“What are some common sources of non-passive bulb failure?”
One cause of non-passive bulb failure is often overcooling or undercooling of the bulb. Overcooling can prevent the bulb from reaching an optimal operating temperature and under cooling can allow the bulb to exceed a safe operating temperature and result in failure. Contributing factors include (but are not limited to) clogged fan filters, restricted air flow, a worn fan, an environment that is excessively cold, hot, or humid, or excessive air flow through the unit. In addition to over or undercooling, rapid temperature changes can also cause stress on the bulb. This can occur if the unit is in a warm environment and a nearby air conditioning duct or opened window allows chilled air to enter the unit.
Another common mistake is using the bulb over 2,000 hours. While it may be tempting to reset the hour meter after it indicates a necessary bulb change without actually changing the bulb, DO NOT RESET. Even if the unit still has sufficient intensity, NEVER do this. Eventually, most bulbs will fail in a non-passive manner if operated beyond 2,000 hours.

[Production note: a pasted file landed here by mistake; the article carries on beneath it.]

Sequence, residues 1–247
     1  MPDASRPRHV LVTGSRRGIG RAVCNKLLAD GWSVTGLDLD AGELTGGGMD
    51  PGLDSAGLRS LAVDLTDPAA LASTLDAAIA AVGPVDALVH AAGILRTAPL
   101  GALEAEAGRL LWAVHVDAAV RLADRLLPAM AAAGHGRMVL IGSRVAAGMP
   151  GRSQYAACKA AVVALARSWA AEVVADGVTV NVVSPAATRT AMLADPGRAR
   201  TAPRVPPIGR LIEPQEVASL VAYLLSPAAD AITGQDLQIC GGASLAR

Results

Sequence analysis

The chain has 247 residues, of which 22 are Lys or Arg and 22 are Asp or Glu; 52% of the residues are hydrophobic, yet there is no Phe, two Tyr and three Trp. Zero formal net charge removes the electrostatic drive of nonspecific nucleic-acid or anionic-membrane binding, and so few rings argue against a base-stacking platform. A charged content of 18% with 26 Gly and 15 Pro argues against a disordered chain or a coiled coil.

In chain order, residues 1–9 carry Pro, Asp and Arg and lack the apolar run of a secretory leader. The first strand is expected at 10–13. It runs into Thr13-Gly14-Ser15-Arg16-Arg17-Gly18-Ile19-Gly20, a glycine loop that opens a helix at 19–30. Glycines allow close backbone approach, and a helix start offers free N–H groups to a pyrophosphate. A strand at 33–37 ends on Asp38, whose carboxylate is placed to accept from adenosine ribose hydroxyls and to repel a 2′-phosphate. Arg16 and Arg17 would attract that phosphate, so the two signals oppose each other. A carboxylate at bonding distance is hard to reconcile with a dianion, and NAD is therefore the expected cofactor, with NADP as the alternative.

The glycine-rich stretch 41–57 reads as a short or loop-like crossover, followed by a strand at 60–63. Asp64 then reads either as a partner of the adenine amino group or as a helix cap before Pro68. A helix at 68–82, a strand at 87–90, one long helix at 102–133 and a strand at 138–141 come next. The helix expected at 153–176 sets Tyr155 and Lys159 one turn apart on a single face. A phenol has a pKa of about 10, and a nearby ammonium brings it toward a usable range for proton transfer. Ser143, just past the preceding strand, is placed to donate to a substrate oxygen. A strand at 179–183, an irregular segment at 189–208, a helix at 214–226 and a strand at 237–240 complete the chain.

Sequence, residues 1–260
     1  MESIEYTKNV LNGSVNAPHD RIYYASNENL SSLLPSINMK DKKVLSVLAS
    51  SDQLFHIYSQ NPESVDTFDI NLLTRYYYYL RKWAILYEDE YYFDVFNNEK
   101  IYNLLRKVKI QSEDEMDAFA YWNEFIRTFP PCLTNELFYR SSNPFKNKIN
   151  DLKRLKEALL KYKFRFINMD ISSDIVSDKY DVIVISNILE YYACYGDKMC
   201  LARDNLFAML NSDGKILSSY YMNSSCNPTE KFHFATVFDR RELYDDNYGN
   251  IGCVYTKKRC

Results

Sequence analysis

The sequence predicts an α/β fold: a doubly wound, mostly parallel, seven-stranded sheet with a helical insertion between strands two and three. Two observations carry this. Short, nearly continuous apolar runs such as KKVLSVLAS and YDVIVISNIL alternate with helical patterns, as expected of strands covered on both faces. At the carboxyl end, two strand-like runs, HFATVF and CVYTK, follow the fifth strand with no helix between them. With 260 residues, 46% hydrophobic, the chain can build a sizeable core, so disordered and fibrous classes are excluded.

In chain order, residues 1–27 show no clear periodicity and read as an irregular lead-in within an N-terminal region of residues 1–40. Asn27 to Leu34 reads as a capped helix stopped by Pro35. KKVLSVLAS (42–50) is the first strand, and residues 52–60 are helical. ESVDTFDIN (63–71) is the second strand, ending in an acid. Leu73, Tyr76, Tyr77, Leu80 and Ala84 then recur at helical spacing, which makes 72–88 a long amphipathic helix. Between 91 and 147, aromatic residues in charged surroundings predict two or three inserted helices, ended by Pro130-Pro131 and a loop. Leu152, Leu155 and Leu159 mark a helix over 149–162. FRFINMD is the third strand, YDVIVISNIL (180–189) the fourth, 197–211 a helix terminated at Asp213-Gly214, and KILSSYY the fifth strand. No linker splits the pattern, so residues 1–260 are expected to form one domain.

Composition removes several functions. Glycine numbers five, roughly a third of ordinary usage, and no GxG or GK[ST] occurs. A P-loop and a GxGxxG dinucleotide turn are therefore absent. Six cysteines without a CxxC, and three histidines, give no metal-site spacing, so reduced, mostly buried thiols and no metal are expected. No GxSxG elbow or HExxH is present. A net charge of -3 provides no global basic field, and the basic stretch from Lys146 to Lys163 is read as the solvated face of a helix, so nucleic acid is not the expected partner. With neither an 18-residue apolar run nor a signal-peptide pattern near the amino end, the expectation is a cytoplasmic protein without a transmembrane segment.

Excessive cycling can also cause bulb failure. During the bulb’s warm-up phase, the different coefficients of thermal expansion between the quartz and metal components in the bulb cause stress in the quartz. The more frequently a bulb is cycled (more than 1 power-up cycle per 8 hours), the more fatigue and stress are imparted to the bulb. Best practice is to leave the unit on as long as possible to avoid excessive power on-off cycling.
Vibrations, contamination from finger oil, or not providing proper air clearance are also common problems that can result in non-passive bulb failure.